Solorzano unveils ‘Varsity Punks’ film to Ironton cross country team

Published 9:26 pm Saturday, August 13, 2016

Jim Walker


Food, party and fun turned to lights, camera, action.

The Ironton Fighting Tigers’ cross country team held a preseason team party that just happened to include the showing of the independent new sports teen comedy “Varsity Punks.”

The Ironton cross country team was one of only three high schools in American to view the film. The other two schools were in California, the home state of Anthony Solorzano who is the writer/director/producer of the film and was on hand to host the showing.

The new independent film that has just finished post-production and is currently being submitted to various film festivals.

The Fighting Tigers’ cross country team viewed the film on Friday following the movie party.

The term “Varsity Punks” was coined by Solorzano who ran cross country in high school because it was an inexpensive outlet for the talent of team members. A “varsity punk is a term that I have for an athlete who can’t really connect with jocks, who is just more of a punk kid.”

The team’s star quarterback A.J. Montoya breaks his hand and his only hope to team up with his longtime rivals: the cross country team, a group of nerds and misfits with potential for high school glory.

Montoya has to deal with going from a member of the school’s “coolest” group to participating and dealing with being one of the “uncoolest.”

Ironton native Mickey Fisher — writer and producer in his own right and known for the TV show “Extant” along with films “The King of Iron Town” and “Summer Nuts” — was instrumental in bringing Solorzano and his film to Ironton for a rare viewing.

Ironton cross country coach Tim Thomas was browsing through the different running websites and came across something that caught his eye.

“I saw that there was a new running movie in the works. I stayed up on it. I kept seeing new ads about it and followed it on twitter until I saw they had a kick-starter page. One of the kick-starter perks was a team screening prior to the release of the movie,” said Thomas.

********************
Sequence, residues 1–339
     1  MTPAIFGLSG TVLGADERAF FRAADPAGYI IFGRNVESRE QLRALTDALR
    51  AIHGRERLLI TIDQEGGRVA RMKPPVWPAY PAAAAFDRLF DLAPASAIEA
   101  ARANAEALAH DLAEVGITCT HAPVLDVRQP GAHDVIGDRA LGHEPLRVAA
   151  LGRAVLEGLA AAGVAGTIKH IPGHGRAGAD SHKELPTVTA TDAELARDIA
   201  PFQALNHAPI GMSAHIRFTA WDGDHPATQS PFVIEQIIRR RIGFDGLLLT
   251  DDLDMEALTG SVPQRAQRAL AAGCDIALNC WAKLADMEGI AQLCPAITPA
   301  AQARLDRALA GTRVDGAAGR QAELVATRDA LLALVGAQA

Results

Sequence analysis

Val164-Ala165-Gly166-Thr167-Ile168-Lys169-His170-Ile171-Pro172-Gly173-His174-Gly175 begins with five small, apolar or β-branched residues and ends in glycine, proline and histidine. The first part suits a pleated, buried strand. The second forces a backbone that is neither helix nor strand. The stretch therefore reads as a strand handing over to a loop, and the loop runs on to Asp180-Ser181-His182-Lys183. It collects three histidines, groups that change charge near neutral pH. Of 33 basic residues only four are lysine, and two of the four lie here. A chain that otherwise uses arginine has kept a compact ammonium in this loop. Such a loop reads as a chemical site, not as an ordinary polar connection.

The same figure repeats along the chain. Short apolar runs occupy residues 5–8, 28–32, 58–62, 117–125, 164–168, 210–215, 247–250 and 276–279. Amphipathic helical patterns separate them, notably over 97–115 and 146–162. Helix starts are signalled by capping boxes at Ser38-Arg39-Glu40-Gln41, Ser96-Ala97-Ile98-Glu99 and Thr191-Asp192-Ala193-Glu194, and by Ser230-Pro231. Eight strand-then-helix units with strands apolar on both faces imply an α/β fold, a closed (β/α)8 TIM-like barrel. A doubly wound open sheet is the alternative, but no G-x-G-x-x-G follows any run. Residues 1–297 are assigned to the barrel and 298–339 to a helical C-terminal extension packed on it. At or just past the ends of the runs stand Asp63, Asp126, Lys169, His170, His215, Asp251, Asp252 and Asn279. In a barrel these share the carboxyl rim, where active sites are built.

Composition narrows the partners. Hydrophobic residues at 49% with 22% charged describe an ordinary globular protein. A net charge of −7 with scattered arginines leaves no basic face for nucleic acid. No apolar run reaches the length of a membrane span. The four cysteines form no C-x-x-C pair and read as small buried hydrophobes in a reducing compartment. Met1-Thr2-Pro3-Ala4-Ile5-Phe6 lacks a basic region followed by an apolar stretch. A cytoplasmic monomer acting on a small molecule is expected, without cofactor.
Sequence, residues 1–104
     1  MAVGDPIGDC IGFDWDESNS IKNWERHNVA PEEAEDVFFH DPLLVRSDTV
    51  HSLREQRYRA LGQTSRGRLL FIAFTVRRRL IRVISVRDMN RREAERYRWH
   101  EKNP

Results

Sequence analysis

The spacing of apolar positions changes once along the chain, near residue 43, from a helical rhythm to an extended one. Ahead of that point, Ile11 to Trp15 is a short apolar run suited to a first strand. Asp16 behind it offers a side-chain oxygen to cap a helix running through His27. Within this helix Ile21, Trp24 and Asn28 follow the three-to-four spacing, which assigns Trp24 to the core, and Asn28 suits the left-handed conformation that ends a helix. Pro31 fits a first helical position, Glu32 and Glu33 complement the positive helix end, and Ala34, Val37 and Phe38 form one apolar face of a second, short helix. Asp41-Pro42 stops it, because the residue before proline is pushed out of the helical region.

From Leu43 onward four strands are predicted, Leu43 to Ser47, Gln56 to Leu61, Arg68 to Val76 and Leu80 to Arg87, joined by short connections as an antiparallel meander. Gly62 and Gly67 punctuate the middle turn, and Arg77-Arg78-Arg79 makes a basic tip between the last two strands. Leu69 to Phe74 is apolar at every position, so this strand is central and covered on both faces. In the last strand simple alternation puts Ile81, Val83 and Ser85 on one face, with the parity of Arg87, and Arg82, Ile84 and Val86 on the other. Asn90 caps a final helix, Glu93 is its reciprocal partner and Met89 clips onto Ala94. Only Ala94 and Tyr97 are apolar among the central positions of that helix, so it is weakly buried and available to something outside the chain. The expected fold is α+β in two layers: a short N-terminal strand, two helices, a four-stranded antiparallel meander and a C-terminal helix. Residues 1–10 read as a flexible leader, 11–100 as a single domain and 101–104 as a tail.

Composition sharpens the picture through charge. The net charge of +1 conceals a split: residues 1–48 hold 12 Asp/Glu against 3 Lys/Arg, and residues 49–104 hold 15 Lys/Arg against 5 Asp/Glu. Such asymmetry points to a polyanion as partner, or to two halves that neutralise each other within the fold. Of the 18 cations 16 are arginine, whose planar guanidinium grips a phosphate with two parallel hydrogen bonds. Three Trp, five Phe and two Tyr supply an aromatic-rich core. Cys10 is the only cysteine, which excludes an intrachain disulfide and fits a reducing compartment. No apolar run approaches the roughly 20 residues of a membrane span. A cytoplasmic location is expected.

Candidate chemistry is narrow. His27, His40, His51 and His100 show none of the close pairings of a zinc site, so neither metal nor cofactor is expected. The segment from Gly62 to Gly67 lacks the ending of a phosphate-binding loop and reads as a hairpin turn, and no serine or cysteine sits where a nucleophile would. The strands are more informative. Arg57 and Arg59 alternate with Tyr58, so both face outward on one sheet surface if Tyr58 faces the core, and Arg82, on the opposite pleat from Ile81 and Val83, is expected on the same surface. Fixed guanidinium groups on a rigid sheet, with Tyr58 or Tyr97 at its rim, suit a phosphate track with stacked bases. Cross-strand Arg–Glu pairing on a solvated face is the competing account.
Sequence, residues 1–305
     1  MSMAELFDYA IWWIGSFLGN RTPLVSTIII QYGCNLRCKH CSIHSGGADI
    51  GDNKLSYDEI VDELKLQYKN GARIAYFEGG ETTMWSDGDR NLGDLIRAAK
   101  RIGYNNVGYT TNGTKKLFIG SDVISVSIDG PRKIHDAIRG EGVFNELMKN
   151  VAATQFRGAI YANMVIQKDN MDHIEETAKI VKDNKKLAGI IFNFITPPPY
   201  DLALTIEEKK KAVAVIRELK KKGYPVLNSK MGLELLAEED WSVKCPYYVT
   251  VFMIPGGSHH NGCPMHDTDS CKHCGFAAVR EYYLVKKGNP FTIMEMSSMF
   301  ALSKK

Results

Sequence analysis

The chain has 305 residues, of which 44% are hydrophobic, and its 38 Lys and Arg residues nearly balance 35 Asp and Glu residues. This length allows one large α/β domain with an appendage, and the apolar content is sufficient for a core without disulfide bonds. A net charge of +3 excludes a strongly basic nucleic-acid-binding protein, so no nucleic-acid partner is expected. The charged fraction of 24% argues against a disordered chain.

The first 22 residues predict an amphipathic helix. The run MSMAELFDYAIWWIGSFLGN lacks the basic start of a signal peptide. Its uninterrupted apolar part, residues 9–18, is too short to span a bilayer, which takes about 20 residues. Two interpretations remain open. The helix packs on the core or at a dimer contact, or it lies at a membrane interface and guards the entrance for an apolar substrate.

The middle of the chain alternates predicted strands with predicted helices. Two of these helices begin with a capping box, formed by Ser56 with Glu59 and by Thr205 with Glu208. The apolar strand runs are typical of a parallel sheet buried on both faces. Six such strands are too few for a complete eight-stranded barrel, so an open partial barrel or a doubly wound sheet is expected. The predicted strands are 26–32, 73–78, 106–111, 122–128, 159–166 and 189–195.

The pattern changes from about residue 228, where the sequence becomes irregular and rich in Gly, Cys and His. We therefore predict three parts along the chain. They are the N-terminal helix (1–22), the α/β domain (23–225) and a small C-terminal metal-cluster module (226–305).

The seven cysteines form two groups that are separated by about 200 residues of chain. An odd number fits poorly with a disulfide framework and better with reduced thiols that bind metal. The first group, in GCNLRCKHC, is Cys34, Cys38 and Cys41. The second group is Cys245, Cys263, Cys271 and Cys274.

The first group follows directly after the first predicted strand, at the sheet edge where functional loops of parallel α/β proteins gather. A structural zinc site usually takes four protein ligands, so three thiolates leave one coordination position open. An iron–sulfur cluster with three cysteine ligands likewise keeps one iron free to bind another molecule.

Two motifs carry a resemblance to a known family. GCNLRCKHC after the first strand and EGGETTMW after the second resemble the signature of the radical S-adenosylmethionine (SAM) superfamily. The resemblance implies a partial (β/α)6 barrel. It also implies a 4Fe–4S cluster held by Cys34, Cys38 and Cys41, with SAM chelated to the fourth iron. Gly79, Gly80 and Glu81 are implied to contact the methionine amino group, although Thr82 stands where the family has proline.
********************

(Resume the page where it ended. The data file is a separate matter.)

“Through the efforts of Mickey Fisher we were able to secure one of three team screenings to high schools across the country.”

Solorzano and filmographer Eddie Bourne flew into the Tri-State and spent the day and enjoyed the food at the movie party supplied by Moe’s in Ashland, Ky.

“They’ve been very gracious and they’ve had a great time and our kids have been terrific and we’ve had a great two days like this event tonight. It’s pretty awesome,” said Thomas.

“I don’t know how they found out about it. Social media does wonders,” said Solorzano. “It’s very inspiring a town that is so far away from where we are and different demographics to be involved.

“It is still a universal teenage story. It doesn’t matter where you live. At the core we’re all still the same. This is also proof for us to distributors that this movie is viable and will resonate with people from all over the country.”

Solorzano drew upon his own personal experiences for the idea and development of the film.

“I was a runner. What fascinated me more than anything was the high school culture of belonging. There is a hierarchy of success between the coolest and the uncoolest and sports plays a big a part of that,” said Solorzano.

“I wanted to explore that social hierarchy of the sports and where does cross country fit in. Football is usually at the top of the food chain. I wanted to capture that essence of that teenage struggle to belong.”

Solorzano spent two years writing the screenplay. Besides directing and producing the film, he also did the poster art, location scouting and even did some of the haircuts.

He actually put the story away for a period of time until he realized it was difficult to make it strictly as a writer.

“You have to materialize it. No one is going to bank on just an idea of a cool story,” said Solorzano who then spent another half-year re-writing the story.

Next he got help from his family and friends to invest in the production. It took almost a year for the production process and another year for the actual filming and editing.

“It’s been about a four-year process,” said Solorzano.

If the movie is picked up at a film festival, Solorzano said the next step would be to get a theatrical release and eventually go to digital distribution.